The first residents of the second block were the Kamien family. They were called “the Janower,” apparently because they came from there. Almost the entire family was occupied in delivering milk to the houses. Every morning, before dawn, they would set out for the nearby villages to purchase fresh milk from the farmers.

[Page 610]

An uncle of mine, Moshe Hechtman, lived in that same entrance. He was a brother–in–law of the Janowers.

Yosel Grine's (Silbergleid) and his son Moshe ran a shoe factory on the same block.[4] They exported their products throughout Russia until the outbreak of the First World War.

The children of the courtyard were curious to see how the tradesmen banged the nails that they took from their mouths.

The Zelichower (Finkelstejn) had a rope–twisting factory. Aside from his children, he also had outside employees. In an empty place beyond the second block, opposite the row of stores that served the residents of the entire courtyard, they twisted and twisted hair strands for mattresses. The Hassidic Shtibel in which they worshipped every day was located in their dwelling.

Our uncle Isaac Hechtman also lived in the same entranceway, along with another family who left Mezritsh immediately after the First World War.

When I visited Mezritsh in April 1967, I found the street and Yankel Kadisz's courtyard, but unfortunately not one of the aforementioned families was there. The vast majority of them suffered the same fate as all the Jews of the city of Mezritsh.


Translator's and Editor's Footnotes

  1. “Lodzerke/Lazare” seems to be a play on words. Lodzerke would be a nickname for a person from Łodz. return
  2. Pletnikes – The word “pletn” in Yiddish means to smash or crack. It is not clear if what relevance this might have to the description of this family. return
  3. The condemner – it is not clear what this refers to.perhaps a condemner of houses. return
  4. The shoe manufactured at this factory were made with some kind of decoration that used animal hair. return


[Page 611]

Jews of Mezritsh who Lived on Christian Streets

by Yosef Cepelinski of Buenos Aires

Translated by Jerrold Landau

Mezritsh was a Jewish city. This was especially apparent when one traveled from Mezritsh to another city, where the gentile population was so conspicuously visible.

One felt pride in the knowledge that our city of Mezritsh was 100% Jewish. One could not think otherwise, given the ebullience of all aspects of Jewish life [in Mezritsh]. One was more or less free from the fear of anti–Semitism, and other non–Jewish tribulations.

This was true in the center of town. The situation was otherwise at the periphery, in the regions near the city limits. Christians lived there, and the Jews were a minority.

The Christian area of the city began on Pilsudski Street (Przyanka), along with Zawadki, Zarowie, and other streets. That area was inhabited almost solely by Christians, with a few Jewish families.

It is specifically about the lives of those Jews who lived on the Christian streets that I wish to present a few facts and experiences, as far as I can recall, from the first decade of the century until after the First World War. As had been stated earlier, the Jews in the center of the city lived free of all the gentile caprices. Unfortunately, however, this could not be said about the Jews who lived in the Christian streets. There, the Poles directly displayed their true face. The situation of the Jewish residents of that area was not straightforward, or without difficulties, as it was for the Jews who lived in the city itself. At times, one would get the impression that one was not living in Mezritsh, but rather in some village amongst the gentiles, often malicious gentiles. It would often occur that when a gentile had suffered a setback in the city, and wished to bother Jewish youth and break their bones, he would take out his anger on the Jews who lived in the Christian district. Especially for a Jewish family living in a gentile's house, there was definitely nothing about which to be jealous. One such hooligan was an anti–Semitic agitator, who caused those Jews many tribulations. Jews did business and walked about, sewing clothes and making boots for them,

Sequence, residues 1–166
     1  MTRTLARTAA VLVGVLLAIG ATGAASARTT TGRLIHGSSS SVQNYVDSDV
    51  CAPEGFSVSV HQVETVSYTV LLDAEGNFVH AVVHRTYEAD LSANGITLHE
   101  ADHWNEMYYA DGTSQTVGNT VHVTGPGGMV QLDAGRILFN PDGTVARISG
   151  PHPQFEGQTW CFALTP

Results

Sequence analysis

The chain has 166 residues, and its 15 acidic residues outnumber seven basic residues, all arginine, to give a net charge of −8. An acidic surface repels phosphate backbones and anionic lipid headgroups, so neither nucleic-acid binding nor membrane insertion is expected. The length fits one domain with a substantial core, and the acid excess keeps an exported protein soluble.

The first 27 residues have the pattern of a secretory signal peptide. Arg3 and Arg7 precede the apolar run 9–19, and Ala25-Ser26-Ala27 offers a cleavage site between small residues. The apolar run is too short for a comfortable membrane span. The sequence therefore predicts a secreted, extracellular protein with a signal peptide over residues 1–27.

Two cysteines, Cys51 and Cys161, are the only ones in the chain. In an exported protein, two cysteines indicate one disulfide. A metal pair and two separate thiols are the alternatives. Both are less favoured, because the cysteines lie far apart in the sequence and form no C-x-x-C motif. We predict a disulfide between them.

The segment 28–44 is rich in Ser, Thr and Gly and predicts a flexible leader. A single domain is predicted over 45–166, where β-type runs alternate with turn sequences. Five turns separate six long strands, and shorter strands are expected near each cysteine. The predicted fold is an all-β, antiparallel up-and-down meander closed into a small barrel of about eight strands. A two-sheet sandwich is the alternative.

[Page 612]

but they were not friends of the Jews who had lived next door to them for hundreds of years. There was no lack of cases in which they [the gentiles] did things that a Jew would not have done. A few such episodes remain etched in my memory.

One very hot summer afternoon, clouds gathered and it began to rain; there was also lightning and thunder. A bolt of lightning struck a barn, belonging to a Christian, which contained the harvest. The barn had a straw roof and was dried out due to the heat. It ignited and quickly turned into a mountain of flames. The Jewish firefighters arrived quickly, but too late to save anything from the fire. They only succeeded in protecting the neighboring structures, so that they would not catch fire. The afflicted farmer said that the Jewish firefighters were guilty, for they arrived late. If this was not sufficient, gentile men and women came, saying that they themselves saw the firefighters strolling with their loved ones rather than hurrying to save the Christian property. A second fire broke out a short time later, and a house in which Jews lived was saved – which was apparently not fitting for them. The Christians believed that the Jewish firefighters arrived more quickly to this [second] fire, because Jewish property was at risk. The Christians could not endure this, and they incited against the voluntary Jewish firefighters organization. Then a fire broke out in the courtyard of Count Potocki on a Sabbath day, a time that was inopportune for a rapid mobilization and quick arrival to [combat] the fire. As a result, the count was not happy with the Jewish firefighters, and he expressed his anti–Semitic feelings.